As I am doing a lookback on 2010-2020, here are the major changes I've observed on software engineering. If this decade proves anything, it is that technology keeps changing and evolving. But, there is still some stability: Java and JIRA. Let's see if they will survive the next decade as well, and where the trends of 2020 will end up that time.
What changed the most between 2010-2019
- Dev expanding into ops and QA. In 2010, SDETs were a thing at most companies, and developers rarely deployed to prod. By 2020, engineers deploying straight to prod - devops - is growing, and with it, automated testing. QA still exists but is increasingly specialized. Microsoft no longer has an SDET track, that they have had the previous two decades.
- Cloud usage. Especially with the cloud being quite expensive, the amount of usage is staggering. Many smaller companies start off on the cloud and don't consider running their own servers even when cost savings would be significant. I also would have bet Google being the market leader, not a distant third. And Amazon being the #1 cloud provider...?
What did not change the past decade
- Java. A mature, solid, and sensible choice for backend development in both 2010 and 2020.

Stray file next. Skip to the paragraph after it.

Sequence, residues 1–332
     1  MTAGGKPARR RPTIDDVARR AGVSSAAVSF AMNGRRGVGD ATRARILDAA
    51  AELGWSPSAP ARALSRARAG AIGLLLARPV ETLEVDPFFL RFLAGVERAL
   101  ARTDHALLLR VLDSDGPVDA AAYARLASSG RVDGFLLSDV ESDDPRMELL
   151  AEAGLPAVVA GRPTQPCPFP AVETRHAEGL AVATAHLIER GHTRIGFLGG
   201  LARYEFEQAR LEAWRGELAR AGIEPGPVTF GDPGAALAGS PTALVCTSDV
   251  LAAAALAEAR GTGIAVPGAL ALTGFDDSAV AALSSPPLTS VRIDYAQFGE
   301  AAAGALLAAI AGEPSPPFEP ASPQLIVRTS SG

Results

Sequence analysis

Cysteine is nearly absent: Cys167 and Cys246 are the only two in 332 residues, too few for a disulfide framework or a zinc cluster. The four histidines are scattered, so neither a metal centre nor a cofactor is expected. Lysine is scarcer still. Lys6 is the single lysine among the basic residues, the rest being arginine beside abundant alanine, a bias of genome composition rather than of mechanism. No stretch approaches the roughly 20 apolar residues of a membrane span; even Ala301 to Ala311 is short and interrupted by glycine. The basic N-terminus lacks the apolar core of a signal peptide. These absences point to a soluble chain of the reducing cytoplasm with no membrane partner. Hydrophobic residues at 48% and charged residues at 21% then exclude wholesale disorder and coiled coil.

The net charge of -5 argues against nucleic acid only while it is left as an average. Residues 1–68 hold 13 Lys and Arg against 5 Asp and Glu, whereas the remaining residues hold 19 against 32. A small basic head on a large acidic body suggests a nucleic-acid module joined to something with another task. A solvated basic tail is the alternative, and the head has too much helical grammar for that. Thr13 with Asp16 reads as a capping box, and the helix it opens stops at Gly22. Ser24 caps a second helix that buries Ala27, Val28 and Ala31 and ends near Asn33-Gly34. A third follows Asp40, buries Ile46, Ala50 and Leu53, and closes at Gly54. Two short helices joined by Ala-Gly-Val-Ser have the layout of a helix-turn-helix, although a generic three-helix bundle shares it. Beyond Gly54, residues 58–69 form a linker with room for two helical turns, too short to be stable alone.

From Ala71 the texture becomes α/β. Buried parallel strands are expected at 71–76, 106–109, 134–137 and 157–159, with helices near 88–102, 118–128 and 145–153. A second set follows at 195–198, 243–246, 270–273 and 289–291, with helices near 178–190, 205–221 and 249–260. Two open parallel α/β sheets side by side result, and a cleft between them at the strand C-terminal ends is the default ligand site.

- JIRA. Complain as much as you want; I've yet to see a company above 500 people who don't change to JIRA for project management sooner or later. There is only competition on what to use for project management for smaller orgs and teams.
- Companies re-discovering engineering best practices through trial-and-error. Unit testing, code reviews, having a spec before writing software. All make perfect sense, have been proven to work, whitepapers and research published on them. Yet, new companies with proven business models often don't use them, until they accumulate so much tech debt that they discover their value through trial-and-error. Developers with the "senior" title in some companies often see little value in these practices. I hope this changes by the next decade - not the least why I'm writing a book that will hopefully raise awareness on these topics.
- Windows Phone. Born and dead in the same decade. If Windows Phone had a gravestone, it would have a live tile that reads "2010-2019. RIP." It's a bittersweet part of history for me, as I was a prolific developer at the peak of the platform, clocking a few million downloads on my free apps and tens of thousands of paid app purchases. These apps also opened up a lot of doors in my professional career.
- iOS/Android split. iOS is where the money increasingly is, but Android has users - who are more and more reluctant to purchase apps or in-app. While both iOS and Android devs are in demand, I predict iOS getting more investment from companies, due to higher overall revenues and much higher revenue per user.
- Smartwatches: Apple won. Apple Watch took the market, where both Pebble and Google Wear had the head start, but failed to capitalize.